When I was a little kid, really little, my mother used to take me to a luncheonette in Rego Park, Queens, where there was a model train running on a circular track around the counter. They would put your food on it in the kitchen and the train would chug along until it came to where you were sitting. I thought it was the coolest thing I'd ever seen next to Robot Commando. The joint was called The Hamburger Train and here's an article about it. (The photographs—yes, photographs actually exist—are courtesy of Mark Lewis, grandson of the original owner.)
I am always amazed at how my distant memories can be found in some form or other on the internet. And that's all it is: a memory. Restaurants today make more money when they can take a cut of the server's tips. You don't see any automats any more, either.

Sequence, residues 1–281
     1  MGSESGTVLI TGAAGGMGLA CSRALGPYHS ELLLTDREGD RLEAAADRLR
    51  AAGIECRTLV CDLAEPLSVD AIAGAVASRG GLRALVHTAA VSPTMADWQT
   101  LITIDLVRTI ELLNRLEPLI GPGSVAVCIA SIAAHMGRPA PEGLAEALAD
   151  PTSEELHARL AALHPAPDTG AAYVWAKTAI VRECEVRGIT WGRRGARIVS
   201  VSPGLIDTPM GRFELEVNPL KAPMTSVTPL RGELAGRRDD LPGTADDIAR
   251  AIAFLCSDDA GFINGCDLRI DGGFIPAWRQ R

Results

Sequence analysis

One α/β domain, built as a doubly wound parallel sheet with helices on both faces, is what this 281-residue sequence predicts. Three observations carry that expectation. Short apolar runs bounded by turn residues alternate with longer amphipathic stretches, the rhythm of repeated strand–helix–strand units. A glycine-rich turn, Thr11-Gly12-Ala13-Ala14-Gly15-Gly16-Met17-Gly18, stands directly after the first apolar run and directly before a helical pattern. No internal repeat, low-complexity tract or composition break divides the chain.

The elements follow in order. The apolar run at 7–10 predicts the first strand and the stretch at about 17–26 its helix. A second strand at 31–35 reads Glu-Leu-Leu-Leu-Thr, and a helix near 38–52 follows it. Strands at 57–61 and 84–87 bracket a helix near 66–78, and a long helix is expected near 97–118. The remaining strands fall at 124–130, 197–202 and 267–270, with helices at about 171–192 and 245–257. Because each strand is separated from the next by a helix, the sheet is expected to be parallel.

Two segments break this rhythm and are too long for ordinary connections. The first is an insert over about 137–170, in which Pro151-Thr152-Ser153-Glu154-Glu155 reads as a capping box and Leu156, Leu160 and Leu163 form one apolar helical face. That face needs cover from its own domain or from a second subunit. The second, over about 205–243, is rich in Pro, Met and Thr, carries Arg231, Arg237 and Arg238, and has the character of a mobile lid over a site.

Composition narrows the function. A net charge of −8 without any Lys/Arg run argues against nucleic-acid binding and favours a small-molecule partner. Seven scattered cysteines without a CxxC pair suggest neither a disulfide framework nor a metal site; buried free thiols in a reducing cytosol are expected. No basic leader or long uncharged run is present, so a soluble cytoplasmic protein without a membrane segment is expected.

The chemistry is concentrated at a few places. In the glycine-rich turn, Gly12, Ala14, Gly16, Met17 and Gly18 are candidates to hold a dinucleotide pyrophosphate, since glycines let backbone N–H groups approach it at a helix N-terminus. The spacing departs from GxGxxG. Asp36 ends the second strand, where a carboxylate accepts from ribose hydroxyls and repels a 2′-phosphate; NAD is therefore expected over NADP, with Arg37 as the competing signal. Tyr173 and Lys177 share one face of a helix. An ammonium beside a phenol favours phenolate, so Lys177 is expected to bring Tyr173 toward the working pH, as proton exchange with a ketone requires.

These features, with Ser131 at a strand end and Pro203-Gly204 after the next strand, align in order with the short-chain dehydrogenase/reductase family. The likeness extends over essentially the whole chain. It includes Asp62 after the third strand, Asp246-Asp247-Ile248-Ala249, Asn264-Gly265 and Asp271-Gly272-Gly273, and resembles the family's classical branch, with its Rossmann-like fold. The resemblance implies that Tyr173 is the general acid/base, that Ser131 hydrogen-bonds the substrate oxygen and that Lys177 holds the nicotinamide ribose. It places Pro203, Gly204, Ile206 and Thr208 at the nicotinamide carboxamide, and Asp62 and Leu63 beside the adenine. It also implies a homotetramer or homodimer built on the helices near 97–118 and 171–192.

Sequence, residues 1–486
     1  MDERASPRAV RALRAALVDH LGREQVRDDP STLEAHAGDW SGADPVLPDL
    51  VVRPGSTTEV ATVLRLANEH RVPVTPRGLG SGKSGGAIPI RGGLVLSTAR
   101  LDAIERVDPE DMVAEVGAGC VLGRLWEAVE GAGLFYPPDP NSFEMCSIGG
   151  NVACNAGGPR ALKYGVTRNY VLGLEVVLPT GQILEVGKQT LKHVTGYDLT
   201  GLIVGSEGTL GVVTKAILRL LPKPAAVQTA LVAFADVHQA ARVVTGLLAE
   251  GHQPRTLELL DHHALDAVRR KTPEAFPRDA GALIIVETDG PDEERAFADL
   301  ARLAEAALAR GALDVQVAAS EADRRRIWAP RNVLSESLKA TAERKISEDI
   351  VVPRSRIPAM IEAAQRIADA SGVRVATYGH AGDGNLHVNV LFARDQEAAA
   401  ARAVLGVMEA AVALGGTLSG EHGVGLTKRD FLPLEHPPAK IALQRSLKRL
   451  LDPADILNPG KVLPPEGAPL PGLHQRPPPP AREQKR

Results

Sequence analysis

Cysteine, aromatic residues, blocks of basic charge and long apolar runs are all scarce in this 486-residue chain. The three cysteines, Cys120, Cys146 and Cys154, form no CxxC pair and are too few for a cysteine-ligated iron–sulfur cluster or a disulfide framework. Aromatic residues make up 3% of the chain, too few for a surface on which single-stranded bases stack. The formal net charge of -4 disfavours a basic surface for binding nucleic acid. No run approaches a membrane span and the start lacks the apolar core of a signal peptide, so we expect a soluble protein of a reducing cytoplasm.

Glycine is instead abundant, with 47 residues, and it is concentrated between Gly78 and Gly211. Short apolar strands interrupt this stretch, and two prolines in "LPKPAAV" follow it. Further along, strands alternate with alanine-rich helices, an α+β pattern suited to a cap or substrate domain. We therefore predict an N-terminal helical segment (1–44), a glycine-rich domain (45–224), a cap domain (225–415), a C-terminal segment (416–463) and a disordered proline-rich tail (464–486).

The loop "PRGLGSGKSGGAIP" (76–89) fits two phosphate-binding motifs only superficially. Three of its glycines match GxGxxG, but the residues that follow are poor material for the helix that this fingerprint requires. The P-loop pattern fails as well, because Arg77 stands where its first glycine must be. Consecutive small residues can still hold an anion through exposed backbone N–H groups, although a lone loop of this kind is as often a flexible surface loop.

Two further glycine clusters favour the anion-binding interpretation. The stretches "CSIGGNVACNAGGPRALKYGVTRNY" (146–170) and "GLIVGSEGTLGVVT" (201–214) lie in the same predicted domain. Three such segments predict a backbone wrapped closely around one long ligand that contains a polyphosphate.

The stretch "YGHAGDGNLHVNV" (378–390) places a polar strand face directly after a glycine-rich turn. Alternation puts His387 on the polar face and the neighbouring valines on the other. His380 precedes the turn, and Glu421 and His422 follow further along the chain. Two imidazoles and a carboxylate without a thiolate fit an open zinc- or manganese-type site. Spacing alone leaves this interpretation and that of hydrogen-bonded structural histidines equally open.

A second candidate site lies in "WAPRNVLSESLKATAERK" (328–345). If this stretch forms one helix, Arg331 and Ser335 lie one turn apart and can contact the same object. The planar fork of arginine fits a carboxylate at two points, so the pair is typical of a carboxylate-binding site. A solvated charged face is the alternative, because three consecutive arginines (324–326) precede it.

In Japan, food delivered on conveyer belts is very common, particularly sushi. The system was invented in 1958 by Yoshiaki Shiraishi. Today there are countless pieces of sushi rolling forth on conveyer belts around the world, but The Hamburger Train beat the sushi by taking its first trip on the railroad tracks in 1954.
Regardless, have you ever wondered what it's like to be a little piece of raw fish watching the world go by? Now's your chance.